Much of the information in this blog (and in all previous Hamilton bios) has been updated, expanded, or even corrected in Michael E. Newton's new book Discovering Hamilton. Please check that book before using or repeating any information you read here on this blog (or that you read in previous Hamilton biographies).
After his appearance as a witness to a legal document on June 25, 1766, James Hamilton disappears from the known extant records of St. Croix. The date of his departure from St. Croix is not known, but he must have left the island prior to February 1768 when Rachel Faucett died and their children—James Jr. and Alexander Hamilton—were taken in by the Lyttons.
James Hamilton on Tobago?
On January 23, 1771, The Royal Danish American Gazette on St. Croix reported that on the island of Tobago, more than five hundred miles to the south, “the slaves of the Coramantie nation, about 30 in number, . . . attacked Mr. Hamilton’s house” and “wounded three white men desperately, two of whom are since dead. Mr. Hamilton was shot through the thigh, but is recovering.” Alexander Hamilton must have read this report in the paper.
It is often said that this may have been Alexander Hamilton’s father, whose whereabouts at this time are not known.
But this was not James Hamilton. Instead, the injured “Mr. Hamilton” apparently was John Hamilton, the owner of an estate in Riseland, Tobago. Although no first name is ever given for the “Mr. Hamilton” who was injured, that is because John Hamilton was a prominent person on Tobago, a member of the Assembly and Council, and everyone knew that “Mr. Hamilton” referred to John Hamilton. Moreover, only John Hamilton is known to have owned an estate in Riseland. Furthermore, there is no evidence that James Hamilton ever set foot on Tobago.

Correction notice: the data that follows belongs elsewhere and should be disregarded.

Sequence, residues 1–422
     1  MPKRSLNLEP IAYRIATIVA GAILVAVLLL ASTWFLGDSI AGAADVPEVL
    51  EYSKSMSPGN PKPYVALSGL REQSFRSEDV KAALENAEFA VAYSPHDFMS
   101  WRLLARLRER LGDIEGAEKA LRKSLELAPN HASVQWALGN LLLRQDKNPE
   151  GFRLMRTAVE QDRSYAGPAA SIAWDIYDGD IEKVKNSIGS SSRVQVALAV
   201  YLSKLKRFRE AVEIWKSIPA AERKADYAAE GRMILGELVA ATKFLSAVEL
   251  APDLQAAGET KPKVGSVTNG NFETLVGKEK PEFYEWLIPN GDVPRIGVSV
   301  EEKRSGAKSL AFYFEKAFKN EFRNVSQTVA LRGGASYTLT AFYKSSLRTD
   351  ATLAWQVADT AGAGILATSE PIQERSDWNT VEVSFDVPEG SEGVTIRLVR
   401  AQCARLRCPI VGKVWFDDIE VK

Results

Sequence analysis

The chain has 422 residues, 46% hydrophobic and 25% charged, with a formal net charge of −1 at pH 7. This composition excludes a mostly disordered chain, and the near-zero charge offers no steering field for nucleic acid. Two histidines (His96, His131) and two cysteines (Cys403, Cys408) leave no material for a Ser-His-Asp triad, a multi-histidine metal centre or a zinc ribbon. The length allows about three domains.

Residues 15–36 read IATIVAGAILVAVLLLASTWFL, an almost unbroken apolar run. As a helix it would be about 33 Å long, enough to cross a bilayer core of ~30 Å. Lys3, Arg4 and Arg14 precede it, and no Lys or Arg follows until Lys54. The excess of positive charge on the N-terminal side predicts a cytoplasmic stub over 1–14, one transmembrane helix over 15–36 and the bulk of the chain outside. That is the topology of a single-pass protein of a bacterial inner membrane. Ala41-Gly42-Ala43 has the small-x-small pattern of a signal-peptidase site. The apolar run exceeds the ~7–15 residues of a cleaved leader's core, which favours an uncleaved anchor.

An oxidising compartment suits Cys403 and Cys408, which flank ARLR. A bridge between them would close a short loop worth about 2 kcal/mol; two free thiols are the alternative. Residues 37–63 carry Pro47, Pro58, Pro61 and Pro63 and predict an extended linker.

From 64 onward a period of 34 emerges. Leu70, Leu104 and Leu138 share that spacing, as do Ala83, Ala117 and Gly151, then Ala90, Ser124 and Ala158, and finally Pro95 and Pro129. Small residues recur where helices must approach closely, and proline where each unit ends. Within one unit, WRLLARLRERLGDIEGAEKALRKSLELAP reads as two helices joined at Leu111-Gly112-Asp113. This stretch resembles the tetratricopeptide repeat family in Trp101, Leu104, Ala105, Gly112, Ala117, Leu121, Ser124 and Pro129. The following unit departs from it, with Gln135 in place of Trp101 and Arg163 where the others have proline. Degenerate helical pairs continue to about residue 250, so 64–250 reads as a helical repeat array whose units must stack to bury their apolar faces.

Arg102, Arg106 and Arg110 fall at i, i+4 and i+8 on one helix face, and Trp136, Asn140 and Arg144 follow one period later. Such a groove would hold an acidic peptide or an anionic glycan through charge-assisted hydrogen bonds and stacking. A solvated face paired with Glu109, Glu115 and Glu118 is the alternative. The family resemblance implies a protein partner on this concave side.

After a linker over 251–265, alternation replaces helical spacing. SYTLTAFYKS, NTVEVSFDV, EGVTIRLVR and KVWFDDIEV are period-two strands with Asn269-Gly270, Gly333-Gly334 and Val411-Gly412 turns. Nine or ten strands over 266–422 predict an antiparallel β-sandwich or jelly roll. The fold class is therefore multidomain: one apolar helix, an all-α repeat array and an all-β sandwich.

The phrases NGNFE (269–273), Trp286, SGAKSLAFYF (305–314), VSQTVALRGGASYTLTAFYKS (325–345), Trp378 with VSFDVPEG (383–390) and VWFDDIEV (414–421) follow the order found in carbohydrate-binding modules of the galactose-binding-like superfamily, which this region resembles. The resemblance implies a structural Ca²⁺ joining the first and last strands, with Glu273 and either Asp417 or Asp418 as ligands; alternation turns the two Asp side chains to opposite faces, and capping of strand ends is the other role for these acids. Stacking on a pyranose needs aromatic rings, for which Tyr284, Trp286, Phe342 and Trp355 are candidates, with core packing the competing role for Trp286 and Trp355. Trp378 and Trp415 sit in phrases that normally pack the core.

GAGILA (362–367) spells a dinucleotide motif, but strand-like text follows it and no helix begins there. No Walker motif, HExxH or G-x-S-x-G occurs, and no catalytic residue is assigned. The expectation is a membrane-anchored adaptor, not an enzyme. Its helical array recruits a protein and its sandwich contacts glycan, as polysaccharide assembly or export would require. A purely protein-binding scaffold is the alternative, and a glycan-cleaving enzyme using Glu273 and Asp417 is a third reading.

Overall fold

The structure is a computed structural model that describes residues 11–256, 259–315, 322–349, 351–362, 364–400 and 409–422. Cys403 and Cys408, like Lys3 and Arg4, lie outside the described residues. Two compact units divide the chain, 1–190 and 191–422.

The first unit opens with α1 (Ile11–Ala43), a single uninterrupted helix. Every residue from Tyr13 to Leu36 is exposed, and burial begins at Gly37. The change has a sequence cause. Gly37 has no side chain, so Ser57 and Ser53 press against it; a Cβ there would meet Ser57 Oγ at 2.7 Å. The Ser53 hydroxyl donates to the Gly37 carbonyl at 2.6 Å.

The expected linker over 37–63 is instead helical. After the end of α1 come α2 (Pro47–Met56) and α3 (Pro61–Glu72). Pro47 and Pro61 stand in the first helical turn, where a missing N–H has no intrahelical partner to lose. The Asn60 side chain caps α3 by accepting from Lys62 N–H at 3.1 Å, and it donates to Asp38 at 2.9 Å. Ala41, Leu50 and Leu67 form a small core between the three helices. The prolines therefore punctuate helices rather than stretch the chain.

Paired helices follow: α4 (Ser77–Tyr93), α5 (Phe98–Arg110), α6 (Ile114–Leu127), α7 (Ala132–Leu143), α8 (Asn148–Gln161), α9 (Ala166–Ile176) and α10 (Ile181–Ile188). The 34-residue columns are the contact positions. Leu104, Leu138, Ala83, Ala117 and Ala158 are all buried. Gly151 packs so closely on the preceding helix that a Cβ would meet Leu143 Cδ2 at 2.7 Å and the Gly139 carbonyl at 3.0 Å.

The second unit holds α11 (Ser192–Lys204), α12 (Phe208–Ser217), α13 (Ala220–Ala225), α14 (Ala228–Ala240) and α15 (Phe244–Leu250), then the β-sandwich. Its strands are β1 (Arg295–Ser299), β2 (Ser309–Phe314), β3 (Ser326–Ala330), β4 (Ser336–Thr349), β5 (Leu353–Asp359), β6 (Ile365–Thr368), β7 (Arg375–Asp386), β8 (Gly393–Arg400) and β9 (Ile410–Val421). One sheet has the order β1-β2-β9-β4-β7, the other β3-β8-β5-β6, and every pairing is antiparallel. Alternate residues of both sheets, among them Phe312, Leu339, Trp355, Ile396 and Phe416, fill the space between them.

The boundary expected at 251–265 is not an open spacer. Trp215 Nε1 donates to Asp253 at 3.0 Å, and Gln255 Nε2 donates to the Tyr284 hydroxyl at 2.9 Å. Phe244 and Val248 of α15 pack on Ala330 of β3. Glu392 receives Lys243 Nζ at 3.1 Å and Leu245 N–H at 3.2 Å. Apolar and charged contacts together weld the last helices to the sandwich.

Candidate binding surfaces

* I would like to thank Susan Moore (www.susanmooreresearch.co.uk) for locating and photographing at my request the above documents within the collections of the U.K. National Archives.
James Hamilton on Bequia
By 1774, James Hamilton had moved to Bequia, the northernmost and second largest island of the Grenadine Islands. Just seven square miles in size, Bequia sits about 400 miles south-southeast of St. Croix. It was described at the time as “a beautiful and most healthy island” but “deficient in rivers essential to the comfort and satisfaction” of its inhabitants.
On March 1, 1774, James Hamilton acquired Lot No. 18 on Bequia, a 25-acre parcel of land that had been “reserved for poor settlers” on the north shore of the Admiralty or North Bay.
By 1776, according to a map produced that year, James Hamilton had at least three buildings on his property, but these three structures seem to be the same ones that are shown on a 1763 map of the island.
The 1776 map of Bequia also indicates that James Hamilton owned part of the 70-acre Lot No. 9 on the west shore of the Southeast Bay, which had also been set aside “for the use of poor settlers.”
But this map appears to be mistaken. Thirty of No. 9’s seventy acres were granted to James Sempill in March 1774 and another thirty acres were granted to Robert Sempill in April 1775 with the remainder belonging to the King for public use.